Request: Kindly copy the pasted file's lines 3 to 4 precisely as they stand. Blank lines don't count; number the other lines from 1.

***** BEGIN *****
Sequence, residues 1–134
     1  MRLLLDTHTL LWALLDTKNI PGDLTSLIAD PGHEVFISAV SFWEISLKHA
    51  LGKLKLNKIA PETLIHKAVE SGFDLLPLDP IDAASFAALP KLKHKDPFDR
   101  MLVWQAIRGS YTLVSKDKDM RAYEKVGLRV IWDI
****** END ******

    51  LGKLKLNKIA PETLIHKAVE SGFDLLPLDP IDAASFAALP KLKHKDPFDR
   101  MLVWQAIRGS YTLVSKDKDM RAYEKVGLRV IWDI